• The grand kick-off in Halifax that included a presentation to 300 high school students in a gym during a power failure;
  • The embrace of what felt like the entire Island of PEI which included an evening event complete with violin and traditional dancing;
  • The incredibly intimate and moving gatherings in Sackville.

These are just some of the events that beg to be shared. Tonight as I write this email I am overridden by my desire to take a bit of time to reflect on the most extraordinary member of our Caravan: Nkulie.

So let me start there.

Nkulie is 17.

Nkulie lost her mother 9 months ago.

Nkulie is being asked to publicly speak at each event twice a day to crowds of people ranging from high school students to grandmothers.

The fact that Nkulie can do this is truly touching and extraordinary.

I try to imagine what it takes to mourn the loss of your mother – still so recent – and get up twice a day, in the company of complete strangers, and talk about your inner life. I know that I have found it challenging to maintain the level of raw feeling and energy throughout gruelling schedules and travel and can only marvel at the strength of this young woman.

Grandmother Regina speaks to her vast experience, knowledge and expertise as the Executive Director of Tateni, and does an incredible job framing the interconnectedness and sophistication of a holistic HIV/AIDS community organization. She speaks to the necessity of programs that service an entire family affected by HIV and AIDS and not just the person in the family who is ill (this is how Nkulie came under the care of Tateni). She also shares how important it is to her work that she visits people in their own home so she can know the true context of their lives and their needs.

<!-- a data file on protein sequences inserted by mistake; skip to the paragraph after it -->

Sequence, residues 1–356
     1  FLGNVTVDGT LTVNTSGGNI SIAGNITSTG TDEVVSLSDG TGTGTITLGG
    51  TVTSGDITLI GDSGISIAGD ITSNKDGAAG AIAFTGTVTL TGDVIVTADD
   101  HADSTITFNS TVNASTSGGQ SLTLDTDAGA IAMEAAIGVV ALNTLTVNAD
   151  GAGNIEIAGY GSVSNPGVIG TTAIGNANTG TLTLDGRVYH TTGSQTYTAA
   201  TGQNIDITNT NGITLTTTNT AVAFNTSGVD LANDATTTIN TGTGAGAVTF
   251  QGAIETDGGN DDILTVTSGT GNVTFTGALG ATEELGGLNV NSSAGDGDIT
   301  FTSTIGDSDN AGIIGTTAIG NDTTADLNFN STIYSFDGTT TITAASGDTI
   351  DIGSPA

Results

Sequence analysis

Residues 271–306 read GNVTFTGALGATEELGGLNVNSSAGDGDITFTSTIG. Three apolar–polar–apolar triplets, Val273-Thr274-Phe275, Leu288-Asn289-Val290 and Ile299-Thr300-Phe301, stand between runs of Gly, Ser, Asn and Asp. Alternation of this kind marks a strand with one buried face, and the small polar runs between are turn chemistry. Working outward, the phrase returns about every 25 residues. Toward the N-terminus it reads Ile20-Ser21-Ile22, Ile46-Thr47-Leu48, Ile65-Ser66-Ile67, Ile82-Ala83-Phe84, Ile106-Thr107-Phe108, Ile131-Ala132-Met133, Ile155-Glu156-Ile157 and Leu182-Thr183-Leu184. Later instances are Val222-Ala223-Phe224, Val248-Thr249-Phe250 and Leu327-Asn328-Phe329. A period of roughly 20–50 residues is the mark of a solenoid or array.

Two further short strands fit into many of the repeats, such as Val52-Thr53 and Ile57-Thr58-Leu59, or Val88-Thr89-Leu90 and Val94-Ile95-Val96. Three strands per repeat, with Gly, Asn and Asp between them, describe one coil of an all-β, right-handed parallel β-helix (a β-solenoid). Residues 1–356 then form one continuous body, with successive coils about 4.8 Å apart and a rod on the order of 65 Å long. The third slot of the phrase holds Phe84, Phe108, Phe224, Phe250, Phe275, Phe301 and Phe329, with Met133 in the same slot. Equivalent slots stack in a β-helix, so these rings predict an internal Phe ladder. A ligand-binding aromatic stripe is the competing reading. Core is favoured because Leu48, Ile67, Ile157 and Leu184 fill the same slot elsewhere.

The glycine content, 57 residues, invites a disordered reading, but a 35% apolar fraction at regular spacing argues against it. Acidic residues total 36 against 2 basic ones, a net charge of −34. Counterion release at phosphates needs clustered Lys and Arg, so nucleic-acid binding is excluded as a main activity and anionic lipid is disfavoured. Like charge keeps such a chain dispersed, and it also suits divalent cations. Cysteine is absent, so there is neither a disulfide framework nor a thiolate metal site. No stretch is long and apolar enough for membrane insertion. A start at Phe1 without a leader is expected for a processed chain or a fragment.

Nkulie speaking at an AfriGrand Caravan event in Summerside, PEI

Nkulie speaking at an AfriGrand Caravan event in Summerside, PEI

Nkulie on the other hand, speaks as a client of Tateni. She speaks as an individual affected by HIV/AIDS with a trauma so recent and so profound it potently reminds us of the pain and triumph of the human spirit of so many youngsters in communities in Africa – struggling to deal with the aftermath of so much loss and uncertainty.

I have had the extraordinary privilege over these past four days to witness some of Nkulie’s personal journey while on this Caravan. Each day she has approached differently this space she has been given to speak.

On one occasion she chose to educate students on HIV and AIDS, telling them “it doesn’t choose based on your colour, your money, your country – anyone can be chosen.” She closed her speech by encouraging students that “this is not the end of hope. How do you think the cure will eventually come? How do you think hope will come? By helping each other, sharing ideas with each other, communicating with each other globally”. She held out her hands to the room full of students as she spoke these words and it was impossible not to feel the impulse to reach back in response.

On another occasion she struggled with the deeply unfair distribution of wealth that she was witnessing in Canada moving between anger and desperation, and yet another event found her highlighting the efforts of the community she is living in “working together even though we have very little.”